Database Compatibility: Table Partitioning v15
In a partitioned table, one logically large table is broken into smaller physical pieces. Partitioning can provide several benefits:
- Query performance can improve dramatically, particularly when most of the heavily accessed rows of the table are in a single partition or a small number of partitions. Partitioning allows you to omit the partition column from the front of an index. This approach reduces index size and makes it more likely that the heavily used parts of the index fit in memory.
- When a query or update accesses a large percentage of a single partition, performance might improve. This improvement happens because the server performs a sequential scan of the partition instead of using an index and random-access reads scattered across the whole table.
- If you plan the requirement into the partitioning design, you can implement a bulk load or unload by adding or removing partitions.
ALTER TABLEis far faster than a bulk operation. It also avoids the
VACUUMoverhead caused by a bulk
- You can migrate seldom-used data to less-expensive or slower storage media.
Table partitioning is worthwhile when a table is becoming very large. The exact point at which a table benefits from partitioning depends on the application. A good guideline is for the size of the table not to exceed the physical memory of the database server.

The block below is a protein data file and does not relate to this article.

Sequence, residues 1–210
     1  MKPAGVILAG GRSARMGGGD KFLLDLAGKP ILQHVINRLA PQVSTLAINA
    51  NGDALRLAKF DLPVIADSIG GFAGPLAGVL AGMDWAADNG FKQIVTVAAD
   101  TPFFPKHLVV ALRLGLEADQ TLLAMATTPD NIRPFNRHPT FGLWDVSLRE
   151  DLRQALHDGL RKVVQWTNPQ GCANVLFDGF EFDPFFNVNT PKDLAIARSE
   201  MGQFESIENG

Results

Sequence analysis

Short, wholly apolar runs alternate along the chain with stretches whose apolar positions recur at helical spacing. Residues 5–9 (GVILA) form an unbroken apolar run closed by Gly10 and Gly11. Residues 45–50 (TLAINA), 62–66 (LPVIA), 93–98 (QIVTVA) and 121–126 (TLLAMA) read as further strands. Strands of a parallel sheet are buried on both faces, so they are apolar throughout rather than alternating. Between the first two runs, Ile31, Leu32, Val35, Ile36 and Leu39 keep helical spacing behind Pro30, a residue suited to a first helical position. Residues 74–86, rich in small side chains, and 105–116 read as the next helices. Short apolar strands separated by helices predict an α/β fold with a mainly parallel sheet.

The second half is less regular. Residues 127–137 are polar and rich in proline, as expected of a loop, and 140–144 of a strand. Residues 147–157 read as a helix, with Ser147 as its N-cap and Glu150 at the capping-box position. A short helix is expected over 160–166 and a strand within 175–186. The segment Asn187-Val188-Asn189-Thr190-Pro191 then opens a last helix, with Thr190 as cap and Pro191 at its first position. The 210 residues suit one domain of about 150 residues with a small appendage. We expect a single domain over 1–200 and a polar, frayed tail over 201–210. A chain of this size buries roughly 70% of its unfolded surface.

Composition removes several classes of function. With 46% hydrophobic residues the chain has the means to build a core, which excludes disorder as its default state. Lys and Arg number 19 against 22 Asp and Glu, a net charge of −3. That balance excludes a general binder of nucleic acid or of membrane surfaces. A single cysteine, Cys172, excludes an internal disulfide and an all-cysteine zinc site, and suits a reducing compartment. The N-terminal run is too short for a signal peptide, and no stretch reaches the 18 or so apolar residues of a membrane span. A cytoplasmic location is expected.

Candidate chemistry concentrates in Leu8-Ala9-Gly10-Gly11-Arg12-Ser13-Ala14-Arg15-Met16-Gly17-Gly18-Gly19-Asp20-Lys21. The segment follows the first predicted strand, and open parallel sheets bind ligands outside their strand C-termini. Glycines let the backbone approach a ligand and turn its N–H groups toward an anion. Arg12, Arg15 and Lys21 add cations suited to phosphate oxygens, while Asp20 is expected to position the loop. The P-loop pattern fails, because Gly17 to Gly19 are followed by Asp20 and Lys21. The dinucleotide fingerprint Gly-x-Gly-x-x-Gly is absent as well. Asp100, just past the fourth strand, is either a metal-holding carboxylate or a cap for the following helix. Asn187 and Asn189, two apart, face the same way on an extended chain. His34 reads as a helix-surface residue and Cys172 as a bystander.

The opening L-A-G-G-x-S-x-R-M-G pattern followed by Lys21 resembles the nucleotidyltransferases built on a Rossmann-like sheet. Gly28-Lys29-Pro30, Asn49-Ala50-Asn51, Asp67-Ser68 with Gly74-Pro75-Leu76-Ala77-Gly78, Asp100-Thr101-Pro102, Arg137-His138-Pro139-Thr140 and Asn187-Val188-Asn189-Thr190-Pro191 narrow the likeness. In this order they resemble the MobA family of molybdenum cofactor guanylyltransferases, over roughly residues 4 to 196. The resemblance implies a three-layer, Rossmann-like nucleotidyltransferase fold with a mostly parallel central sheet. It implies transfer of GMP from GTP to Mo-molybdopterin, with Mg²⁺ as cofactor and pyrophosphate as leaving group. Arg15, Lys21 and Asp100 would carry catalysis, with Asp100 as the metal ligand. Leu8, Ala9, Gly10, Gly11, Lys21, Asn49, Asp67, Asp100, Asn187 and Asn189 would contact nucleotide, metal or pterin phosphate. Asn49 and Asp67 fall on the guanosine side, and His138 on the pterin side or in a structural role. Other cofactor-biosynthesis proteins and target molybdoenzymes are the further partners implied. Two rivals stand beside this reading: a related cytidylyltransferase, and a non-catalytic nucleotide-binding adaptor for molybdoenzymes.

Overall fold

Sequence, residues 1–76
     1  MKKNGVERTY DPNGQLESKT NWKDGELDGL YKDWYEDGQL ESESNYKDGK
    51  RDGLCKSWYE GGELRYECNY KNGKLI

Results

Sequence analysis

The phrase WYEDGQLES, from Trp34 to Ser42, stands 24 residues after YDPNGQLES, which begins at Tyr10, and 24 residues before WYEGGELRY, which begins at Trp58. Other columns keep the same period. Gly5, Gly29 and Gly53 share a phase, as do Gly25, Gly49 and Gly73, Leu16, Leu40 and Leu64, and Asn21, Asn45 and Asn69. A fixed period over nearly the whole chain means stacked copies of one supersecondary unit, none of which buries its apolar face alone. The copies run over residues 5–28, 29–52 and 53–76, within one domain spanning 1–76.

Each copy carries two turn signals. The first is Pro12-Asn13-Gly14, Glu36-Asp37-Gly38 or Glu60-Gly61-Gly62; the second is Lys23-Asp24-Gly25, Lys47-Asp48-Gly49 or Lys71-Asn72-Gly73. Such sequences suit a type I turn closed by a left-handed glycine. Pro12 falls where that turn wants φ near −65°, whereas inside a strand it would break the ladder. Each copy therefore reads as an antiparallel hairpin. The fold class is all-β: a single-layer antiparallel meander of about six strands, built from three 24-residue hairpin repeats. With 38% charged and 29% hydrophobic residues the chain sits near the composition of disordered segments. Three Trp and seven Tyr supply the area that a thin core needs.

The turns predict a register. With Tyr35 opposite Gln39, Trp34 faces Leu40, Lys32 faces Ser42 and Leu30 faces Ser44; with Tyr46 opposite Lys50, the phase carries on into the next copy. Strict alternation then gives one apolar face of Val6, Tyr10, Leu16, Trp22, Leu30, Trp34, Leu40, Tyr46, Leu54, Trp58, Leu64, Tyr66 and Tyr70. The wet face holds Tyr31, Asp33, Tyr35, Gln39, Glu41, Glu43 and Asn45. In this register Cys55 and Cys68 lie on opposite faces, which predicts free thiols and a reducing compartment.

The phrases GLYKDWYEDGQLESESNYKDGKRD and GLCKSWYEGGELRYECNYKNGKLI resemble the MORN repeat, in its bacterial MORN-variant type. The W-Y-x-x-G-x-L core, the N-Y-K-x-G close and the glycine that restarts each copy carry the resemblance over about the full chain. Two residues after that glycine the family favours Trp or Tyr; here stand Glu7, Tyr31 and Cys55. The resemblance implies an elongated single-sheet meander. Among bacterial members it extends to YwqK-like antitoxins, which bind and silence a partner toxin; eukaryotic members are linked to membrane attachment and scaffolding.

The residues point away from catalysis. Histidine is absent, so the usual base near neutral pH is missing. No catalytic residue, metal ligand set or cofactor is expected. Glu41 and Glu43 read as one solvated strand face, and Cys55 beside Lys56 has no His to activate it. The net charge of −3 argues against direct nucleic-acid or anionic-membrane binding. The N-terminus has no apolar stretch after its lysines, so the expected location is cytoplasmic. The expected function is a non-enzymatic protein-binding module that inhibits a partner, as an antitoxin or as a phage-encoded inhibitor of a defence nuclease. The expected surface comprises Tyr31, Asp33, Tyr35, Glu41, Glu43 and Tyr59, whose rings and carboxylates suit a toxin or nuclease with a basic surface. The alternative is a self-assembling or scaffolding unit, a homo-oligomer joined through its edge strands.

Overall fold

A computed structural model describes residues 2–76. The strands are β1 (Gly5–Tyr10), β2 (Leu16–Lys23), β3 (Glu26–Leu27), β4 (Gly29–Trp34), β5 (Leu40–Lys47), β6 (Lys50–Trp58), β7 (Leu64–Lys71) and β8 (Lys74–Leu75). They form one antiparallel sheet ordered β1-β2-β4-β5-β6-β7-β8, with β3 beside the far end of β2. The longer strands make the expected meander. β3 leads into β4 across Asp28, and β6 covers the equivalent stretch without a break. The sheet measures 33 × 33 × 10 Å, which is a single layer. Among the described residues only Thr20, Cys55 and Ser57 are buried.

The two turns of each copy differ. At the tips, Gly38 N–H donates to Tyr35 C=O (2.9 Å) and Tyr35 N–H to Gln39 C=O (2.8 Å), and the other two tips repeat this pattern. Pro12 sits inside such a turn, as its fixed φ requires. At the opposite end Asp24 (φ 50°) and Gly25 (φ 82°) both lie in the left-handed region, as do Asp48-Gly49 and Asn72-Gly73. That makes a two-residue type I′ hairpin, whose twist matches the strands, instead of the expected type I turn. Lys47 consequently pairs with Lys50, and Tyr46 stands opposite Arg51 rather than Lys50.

EDB Postgres Advanced Server supports aspects of table partitioning that are compatible with Oracle databases.
The declarative partitioning feature, introduced with PostgreSQL version 10, is not covered here. However, PostgreSQL declarative partitioning is supported in EDB Postgres Advanced Server 10 in addition to the table partitioning compatible with Oracle databases described here. For information about declarative partitioning, see the PostgreSQL core documentation.
INSERT... ON CONFLICT DO NOTHING/UPDATE clause, commonly known as
UPSERT, isn't supported on Oracle-styled partitioned tables. If you include the
ON CONFLICT DO NOTHING/UPDATE clause when invoking the INSERT command to add data to a partitioned table, an error occurs.
EDB Postgres Advanced Server doesn't support global indexes, so the index isn't inherited when you define a primary key on the partitioned table that doesn't include partition key columns. However, all partitions defined in
CREATE TABLE have an independent primary index on the column. You can re-create the primary key on all newly added partitions by using
ALTER TABLE ... ADD CONSTRAINT. This primary index enforces uniqueness in each partition but not across the entire partition hierarchy. In other words, you can have the same value repeated for the primary index column in two or more partitions.